Tyrone Wiggins, the former Philadelphia cop on trial for allegedly raping a girl over an eight-year period, yesterday denied the charge and insisted that all he ever was to the young woman was a mentor, godfather and karate instructor.
"I never touched [the victim] in any way," Wiggins, 51, said during the second and final day of testifying on his own behalf in Common Pleas Court.
Under questioning from his attorney, Scott P. Sigman, Wiggins sought to cast the victim - now a 25-year-old Philadelphia cop - as an ingrate bent on revenge.
Wiggins said the woman made up the rape story only when her application to become a police officer was put on hold in January 2006, after he told department officials that she had once sold drugs. The woman testified that she had never sold drugs.
Wiggins said he met the woman in 1995 when she was 10 years old and joined the karate class he taught at the Olney Recreation Center.
Wiggins said that he told her to stop selling cocaine and other drugs in 2003 and that he even made an audio tape of him lecturing her about the dangers of drug dealing.
When the woman decided to apply to the Police Department in 2005, he said, he served as a reference, but also told her to tell the truth about her past.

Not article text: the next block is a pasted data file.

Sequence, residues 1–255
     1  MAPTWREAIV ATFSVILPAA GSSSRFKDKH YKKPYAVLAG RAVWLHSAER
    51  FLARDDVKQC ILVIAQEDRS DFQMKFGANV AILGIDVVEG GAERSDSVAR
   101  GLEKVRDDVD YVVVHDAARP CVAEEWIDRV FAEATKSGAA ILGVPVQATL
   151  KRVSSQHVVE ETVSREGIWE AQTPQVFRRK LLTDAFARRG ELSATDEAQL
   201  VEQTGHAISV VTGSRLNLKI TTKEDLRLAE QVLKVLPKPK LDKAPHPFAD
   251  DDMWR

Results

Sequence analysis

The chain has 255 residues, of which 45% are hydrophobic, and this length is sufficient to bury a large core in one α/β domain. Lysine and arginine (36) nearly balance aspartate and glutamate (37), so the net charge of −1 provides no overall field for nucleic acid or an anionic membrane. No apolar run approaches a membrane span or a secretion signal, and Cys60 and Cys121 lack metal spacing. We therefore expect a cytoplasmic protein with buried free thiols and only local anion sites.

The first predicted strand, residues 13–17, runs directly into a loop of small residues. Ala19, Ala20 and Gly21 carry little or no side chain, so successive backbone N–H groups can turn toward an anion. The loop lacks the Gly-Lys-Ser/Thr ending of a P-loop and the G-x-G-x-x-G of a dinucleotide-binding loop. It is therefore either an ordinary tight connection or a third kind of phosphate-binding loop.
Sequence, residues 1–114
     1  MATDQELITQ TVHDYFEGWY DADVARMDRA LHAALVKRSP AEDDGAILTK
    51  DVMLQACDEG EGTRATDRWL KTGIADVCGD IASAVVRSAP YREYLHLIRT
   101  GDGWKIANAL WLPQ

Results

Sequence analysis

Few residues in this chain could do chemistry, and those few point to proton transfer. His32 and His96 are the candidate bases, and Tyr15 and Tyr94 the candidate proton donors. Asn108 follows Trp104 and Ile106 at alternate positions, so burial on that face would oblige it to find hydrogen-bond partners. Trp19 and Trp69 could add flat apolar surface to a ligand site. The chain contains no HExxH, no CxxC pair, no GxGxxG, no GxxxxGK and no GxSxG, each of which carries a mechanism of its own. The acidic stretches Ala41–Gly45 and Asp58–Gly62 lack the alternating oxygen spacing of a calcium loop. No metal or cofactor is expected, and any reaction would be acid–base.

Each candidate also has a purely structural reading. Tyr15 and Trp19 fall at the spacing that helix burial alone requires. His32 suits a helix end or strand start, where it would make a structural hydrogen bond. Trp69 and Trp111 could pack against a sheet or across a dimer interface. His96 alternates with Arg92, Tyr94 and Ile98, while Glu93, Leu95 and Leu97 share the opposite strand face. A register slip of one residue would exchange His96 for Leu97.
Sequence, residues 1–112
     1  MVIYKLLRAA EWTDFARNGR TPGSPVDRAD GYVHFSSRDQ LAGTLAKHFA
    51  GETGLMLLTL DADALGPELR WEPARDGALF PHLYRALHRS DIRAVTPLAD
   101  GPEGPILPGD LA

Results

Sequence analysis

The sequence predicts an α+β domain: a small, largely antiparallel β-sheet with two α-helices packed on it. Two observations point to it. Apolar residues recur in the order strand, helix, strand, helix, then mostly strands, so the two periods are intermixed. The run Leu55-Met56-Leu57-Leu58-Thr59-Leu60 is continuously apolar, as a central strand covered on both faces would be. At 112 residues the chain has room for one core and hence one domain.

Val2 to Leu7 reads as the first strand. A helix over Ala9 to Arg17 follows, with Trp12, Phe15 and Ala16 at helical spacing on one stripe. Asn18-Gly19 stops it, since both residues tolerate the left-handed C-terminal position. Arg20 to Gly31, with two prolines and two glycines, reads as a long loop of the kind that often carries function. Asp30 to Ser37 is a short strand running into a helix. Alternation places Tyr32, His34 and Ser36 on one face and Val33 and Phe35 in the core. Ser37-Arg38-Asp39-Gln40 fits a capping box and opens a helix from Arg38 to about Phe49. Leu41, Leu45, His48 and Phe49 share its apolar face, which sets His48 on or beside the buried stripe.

Wiggins said that after she told him that she had lied during her first meeting with recruitment officials in December 2005, he decided to give the officials the audio tape and a memo concerning the woman's alleged drug past.
In January 2006, Wiggins said, he met with a detective at the department's recruitment and background office and played the audio tape. The woman made her first threat to ruin him outside the office that day, he said.
"When [she] and I got outside, she got so upset and started crying," he recalled. "She said, 'You know I wanted to be a police officer. I wanted to be just like you.'
"She said, 'You messed up my career and I'm going to mess up yours.' "
A week later, Wiggins said, an officer came to the home on Chew Avenue near Front Street that he shares with his wife and four children to deliver a protection- from-abuse order filed by the woman.
"I fell apart because I had to give up my gun," said Wiggins, who remained on desk duty until August 2007. "Nothing like that had ever happened to me."
The protection-from-abuse order did not mention any allegations of rape or other sexual offenses, he told the jury.